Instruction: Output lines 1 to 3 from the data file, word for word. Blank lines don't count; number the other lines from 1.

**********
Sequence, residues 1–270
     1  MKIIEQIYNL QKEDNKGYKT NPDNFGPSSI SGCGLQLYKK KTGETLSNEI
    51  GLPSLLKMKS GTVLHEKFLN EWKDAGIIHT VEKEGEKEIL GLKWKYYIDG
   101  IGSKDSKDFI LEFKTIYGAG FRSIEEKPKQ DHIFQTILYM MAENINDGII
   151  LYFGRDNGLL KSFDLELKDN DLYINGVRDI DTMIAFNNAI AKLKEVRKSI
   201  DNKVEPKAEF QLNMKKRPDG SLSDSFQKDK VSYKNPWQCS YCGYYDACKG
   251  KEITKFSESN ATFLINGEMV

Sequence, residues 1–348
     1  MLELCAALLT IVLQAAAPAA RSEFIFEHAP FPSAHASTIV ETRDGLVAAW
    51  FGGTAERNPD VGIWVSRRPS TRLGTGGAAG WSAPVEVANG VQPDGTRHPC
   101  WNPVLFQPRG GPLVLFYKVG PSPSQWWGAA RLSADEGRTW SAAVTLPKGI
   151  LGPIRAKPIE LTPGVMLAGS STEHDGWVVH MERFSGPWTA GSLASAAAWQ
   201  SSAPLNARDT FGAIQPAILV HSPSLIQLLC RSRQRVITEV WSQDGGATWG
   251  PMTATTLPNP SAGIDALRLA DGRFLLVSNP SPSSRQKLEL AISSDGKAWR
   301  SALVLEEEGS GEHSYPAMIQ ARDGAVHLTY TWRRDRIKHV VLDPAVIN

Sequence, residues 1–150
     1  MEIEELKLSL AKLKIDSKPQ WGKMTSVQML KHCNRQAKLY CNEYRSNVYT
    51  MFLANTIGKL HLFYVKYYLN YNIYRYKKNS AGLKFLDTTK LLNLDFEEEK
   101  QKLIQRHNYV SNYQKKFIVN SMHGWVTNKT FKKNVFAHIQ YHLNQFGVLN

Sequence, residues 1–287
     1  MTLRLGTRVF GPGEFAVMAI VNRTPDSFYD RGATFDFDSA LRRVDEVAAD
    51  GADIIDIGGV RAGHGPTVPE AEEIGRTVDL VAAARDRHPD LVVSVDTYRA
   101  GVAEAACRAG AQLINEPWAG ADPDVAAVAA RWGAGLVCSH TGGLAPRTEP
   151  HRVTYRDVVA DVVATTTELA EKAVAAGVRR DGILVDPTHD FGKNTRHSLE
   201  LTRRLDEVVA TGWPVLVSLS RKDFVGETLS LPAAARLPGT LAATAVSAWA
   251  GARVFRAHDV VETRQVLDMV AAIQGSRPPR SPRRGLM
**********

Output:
Sequence, residues 1–270
     1  MKIIEQIYNL QKEDNKGYKT NPDNFGPSSI SGCGLQLYKK KTGETLSNEI
    51  GLPSLLKMKS GTVLHEKFLN EWKDAGIIHT VEKEGEKEIL GLKWKYYIDG